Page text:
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PX Feedback: Sizemore's Sardonic Suite of Suicide

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  • PX Feedback: Sizemore's Sardonic Suite of Suicide

    In an attempt to move away from the proposed poll, I'd like to be one of the first contributors to actively seek feedback on my contribution. The goal here is to understand what readers got from it and to get honest and technical review of the pieces.

    Questions that I have of my own work are:

    How could they be improved? Grammatical errors? Spelling errors? Could they have been "denser"? What parts of each story were missing that you filled in and how did you fill them in? Did using a theme to bind them together work and was that "cheating"? Which piece(s) was(were) weakest and strongest? And most importantly, did the pieces actually "raise the bar" or challenge your conceptions of writing or art?

    I'm not looking for a lot of back slapping here, honestly. Let's show our fellow contributors and readers that there is a real interest in producing something superior by stripping this contribution to the bone so that I (we) can produce finer pieces as our writing careers progress. I want my readers to raise my bar, since I'm new to this.

    Thank you.
    The cat spread its wings and flew high into the air, hovering to keep pace with them as they moved cautiously toward the city. Then, as they climbed over the rubble of what had once been a gateway and began to make their way through piles of weed-grown masonry, the cat flew to the squat building with the yellow dome upon its roof. It flew twice around the dome and then came back to settle on Jhary's shoulder. - The King of the Swords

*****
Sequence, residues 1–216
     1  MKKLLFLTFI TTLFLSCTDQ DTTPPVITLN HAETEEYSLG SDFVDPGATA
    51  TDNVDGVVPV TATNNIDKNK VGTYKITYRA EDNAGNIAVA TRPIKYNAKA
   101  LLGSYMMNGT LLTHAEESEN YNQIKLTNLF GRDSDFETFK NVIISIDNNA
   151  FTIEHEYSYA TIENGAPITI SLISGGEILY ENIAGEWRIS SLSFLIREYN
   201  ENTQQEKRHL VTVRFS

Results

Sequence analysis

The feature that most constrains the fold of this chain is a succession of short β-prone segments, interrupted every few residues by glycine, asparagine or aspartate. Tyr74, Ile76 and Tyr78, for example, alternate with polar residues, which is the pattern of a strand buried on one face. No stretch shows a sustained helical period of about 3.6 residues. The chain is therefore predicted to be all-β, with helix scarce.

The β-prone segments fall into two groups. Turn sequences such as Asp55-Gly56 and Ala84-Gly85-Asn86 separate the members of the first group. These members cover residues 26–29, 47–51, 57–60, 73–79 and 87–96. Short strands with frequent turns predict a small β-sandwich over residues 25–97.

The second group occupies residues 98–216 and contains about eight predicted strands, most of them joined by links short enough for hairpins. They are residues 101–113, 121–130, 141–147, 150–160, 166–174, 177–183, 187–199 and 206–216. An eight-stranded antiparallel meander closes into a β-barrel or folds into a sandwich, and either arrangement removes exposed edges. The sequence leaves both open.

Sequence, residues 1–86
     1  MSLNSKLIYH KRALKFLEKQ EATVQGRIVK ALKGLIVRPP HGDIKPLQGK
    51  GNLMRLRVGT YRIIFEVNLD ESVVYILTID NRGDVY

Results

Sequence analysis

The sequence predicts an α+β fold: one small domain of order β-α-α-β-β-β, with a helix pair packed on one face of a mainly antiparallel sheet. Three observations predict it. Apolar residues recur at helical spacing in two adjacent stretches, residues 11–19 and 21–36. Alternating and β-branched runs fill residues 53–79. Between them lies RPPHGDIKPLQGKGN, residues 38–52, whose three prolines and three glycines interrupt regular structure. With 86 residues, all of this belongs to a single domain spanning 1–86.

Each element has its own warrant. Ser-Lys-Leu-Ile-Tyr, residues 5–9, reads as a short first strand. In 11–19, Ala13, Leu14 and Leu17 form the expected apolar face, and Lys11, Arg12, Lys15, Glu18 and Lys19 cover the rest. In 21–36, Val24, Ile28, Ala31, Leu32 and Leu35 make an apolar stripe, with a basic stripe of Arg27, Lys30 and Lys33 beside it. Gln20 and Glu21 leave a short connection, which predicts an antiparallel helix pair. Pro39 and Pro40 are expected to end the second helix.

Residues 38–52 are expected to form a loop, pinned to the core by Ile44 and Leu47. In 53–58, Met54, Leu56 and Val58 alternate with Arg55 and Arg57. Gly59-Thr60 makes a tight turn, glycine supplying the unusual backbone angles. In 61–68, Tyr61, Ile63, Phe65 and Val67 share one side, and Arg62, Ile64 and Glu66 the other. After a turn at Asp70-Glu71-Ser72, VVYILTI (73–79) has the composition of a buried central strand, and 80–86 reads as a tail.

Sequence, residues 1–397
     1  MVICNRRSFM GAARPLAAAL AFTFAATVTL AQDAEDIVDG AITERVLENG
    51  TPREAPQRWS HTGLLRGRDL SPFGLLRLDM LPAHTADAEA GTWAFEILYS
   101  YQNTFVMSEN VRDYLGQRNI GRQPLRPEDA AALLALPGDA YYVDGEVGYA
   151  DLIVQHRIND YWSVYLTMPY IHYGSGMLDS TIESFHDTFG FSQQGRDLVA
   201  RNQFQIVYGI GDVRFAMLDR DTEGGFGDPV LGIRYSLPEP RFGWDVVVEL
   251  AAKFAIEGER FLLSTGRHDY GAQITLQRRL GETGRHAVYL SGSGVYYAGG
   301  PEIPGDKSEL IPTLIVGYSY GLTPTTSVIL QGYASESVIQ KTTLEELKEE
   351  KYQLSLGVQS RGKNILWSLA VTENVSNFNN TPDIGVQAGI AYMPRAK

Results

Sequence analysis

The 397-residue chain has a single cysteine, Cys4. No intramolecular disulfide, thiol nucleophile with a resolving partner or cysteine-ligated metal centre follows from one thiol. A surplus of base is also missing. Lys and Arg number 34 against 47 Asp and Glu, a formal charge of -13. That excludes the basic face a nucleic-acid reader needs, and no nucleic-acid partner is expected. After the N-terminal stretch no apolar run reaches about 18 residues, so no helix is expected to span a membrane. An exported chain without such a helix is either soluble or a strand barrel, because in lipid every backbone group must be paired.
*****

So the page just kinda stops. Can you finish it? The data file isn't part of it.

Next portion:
• #2
    Re: PX Feedback: Sizemore's Sardonic Suite of Suicide

    Originally posted by Berry Sizemore
    ...I'd like to be the first contributor to actively seek feedback on my contribution.
    Well, Dee was actually [broken link]the first, and it seems to have gone well so far for him.

    I will be more than happy to spout my opinions on both pieces just as soon as I get a freaking chance to read them. Evidently the postal service here in the Pacific Northwest is not as expedient as other places in the country. I realize we are the furthest from the point of origin, but damn...

    I realize that it just seems like it's taking forever. That knowledge doesn't make the waiting suck any less.
    Last edited by Rothgo; 04-08-2010, 11:19 AM.
    "Wounds are all I'm made of. Did I hear you say that this is victory?"
    --Michael Moorcock, Veteran of the Psychic Wars

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    • #3
      Read as a group, I thought they were quite amusing. I don't think they should be separated from one another for that reason, the effect being cumulative.

      One of the problems with something like this I have is, what do you do for an encore performance? Finding another theme and doing a set of variations in a similar manner is one possibility. If you feel comfortable with that approach, it's probably worth a try.